Teachers would do well to include Hack 'n' Slash as a complement or supplement to introductory computer science or game design courses. The beginning of the game provides contexts for thinking about simple variables and how to manipulate them to change the behavior of different game objects. Instruction about variables, programming logic, etc., could be interspersed with gameplay to reinforce one another and give examples of how they work.
Playing the game takes several hours, though, so it may be best suited for a longer unit or as homework. Students are likely to get stuck toward the latter stages of the game, so it may be good to cultivate a sharing culture of tips and tricks and to provide time and space at the end of the unit to help students troubleshoot their way to the game’s ending.Continue reading Show less
Double Fine's Hack 'n' Slash is a commercial game that does a wonderful job of being educational. Think of it as similar to the older top-down Legend of Zelda games, except instead of a sword to combat enemies, the protagonist and her faithful sprite Niva use a USB stick to plug into and hack various objects in the game world. The player can manipulate variables: For example, players can switch a monster object to friendly from unfriendly, so it no longer attacks the player.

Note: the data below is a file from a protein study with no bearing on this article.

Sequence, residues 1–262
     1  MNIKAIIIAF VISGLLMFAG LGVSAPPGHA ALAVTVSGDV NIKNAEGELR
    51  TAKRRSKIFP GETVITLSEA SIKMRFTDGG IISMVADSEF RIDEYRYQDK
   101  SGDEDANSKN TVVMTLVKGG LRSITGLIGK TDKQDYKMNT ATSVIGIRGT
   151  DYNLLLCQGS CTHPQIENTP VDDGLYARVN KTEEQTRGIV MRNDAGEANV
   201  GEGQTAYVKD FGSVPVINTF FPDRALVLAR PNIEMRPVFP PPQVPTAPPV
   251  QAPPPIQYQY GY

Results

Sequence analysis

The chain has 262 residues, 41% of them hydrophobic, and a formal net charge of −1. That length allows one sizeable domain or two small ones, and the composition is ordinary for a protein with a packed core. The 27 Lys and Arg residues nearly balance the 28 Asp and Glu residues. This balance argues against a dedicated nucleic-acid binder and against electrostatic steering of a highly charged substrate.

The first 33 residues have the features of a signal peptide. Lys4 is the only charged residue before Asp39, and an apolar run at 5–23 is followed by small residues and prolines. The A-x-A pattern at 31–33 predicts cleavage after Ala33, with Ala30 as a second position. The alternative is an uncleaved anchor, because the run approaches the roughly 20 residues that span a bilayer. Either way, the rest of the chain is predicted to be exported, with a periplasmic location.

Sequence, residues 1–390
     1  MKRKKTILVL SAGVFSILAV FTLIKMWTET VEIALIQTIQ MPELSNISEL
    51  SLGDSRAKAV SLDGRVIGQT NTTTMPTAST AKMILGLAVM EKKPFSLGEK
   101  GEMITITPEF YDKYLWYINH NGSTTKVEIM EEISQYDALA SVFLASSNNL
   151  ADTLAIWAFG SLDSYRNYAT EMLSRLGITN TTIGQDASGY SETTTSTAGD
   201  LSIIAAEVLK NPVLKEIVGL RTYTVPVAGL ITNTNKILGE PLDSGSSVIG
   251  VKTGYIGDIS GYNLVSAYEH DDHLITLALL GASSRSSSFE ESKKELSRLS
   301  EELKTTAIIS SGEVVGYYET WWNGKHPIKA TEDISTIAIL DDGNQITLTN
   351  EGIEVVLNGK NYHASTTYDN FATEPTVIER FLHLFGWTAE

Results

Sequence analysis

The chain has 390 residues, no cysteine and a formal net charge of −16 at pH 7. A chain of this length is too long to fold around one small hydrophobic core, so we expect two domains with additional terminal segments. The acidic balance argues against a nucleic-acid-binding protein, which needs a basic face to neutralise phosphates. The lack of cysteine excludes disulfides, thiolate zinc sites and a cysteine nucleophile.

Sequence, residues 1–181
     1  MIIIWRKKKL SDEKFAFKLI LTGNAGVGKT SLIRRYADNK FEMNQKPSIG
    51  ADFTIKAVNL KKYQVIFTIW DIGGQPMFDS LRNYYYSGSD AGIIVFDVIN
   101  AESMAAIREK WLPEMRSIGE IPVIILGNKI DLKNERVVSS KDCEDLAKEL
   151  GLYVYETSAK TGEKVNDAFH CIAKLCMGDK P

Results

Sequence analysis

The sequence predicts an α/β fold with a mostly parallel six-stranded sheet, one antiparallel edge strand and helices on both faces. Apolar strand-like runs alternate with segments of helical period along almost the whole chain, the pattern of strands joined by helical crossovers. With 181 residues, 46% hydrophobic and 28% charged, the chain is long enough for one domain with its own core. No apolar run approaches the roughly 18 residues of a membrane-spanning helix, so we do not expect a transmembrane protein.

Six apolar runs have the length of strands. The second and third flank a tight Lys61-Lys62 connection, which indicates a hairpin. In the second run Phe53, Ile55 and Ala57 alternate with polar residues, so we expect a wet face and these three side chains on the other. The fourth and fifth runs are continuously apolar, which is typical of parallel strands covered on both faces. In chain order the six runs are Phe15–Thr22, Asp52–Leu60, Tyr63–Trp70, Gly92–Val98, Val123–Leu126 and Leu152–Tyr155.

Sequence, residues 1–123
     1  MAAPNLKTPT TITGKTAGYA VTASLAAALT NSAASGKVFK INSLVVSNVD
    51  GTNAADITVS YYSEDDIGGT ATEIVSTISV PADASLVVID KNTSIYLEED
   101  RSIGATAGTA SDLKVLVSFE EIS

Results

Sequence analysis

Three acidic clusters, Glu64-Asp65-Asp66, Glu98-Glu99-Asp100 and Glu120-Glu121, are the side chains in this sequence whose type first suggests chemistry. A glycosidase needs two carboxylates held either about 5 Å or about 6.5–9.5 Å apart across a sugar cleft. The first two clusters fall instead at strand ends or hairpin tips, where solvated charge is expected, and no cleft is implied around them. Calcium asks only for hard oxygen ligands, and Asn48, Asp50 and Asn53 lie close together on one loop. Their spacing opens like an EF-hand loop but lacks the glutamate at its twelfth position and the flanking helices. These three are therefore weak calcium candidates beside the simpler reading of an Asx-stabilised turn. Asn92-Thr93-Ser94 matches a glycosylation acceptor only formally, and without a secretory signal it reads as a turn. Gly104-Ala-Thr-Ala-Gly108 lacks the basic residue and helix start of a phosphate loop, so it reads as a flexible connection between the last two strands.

As with the Zelda games, Hack 'n' Slash slowly introduces players to new skills and abilities through the introduction of new magic items. One of them sets the rate of regeneration of health during a day, while another lets players change how quickly the day/night cycle changes. Combining these two helps make the player feel sort of like Neo in The Matrix, changing the game world itself to give the protagonist "superpowers." Other magic items expose the programmed behavior of objects in the game, allowing players to manipulate them in more and more complex ways, culminating in a memorable boss fight that threatens the existence of the game itself!Continue reading Show less
Hack 'n' Slash’s slow intro to object manipulation is emblematic of good scaffolding, at least in the earlier parts of the game. When players first discover they can change blocks so that they're movable, it feels super empowering, and that feeling only increases with each new expansion of power eclipsing the previous layer. By the end, players are exposed to the basic underlying language of the game and can negate any obstacle if they know where to find and manipulate its programmed behavior. It's an excellent way to show students how code underpins the games they love to play.
Unfortunately, toward the end of the game, this expansion of power can become overwhelming. There are so many sets of code to look at that it becomes difficult to sort out which ones are relevant to the current challenge. At this point, it helps to either seek assistance through online forums or stop playing for a while to give solutions some time to surface in the player's mind.Continue reading Show less
Key Standards Supported
Design a solution to a complex real-world problem by breaking it down into smaller, more manageable problems that can be solved through engineering.
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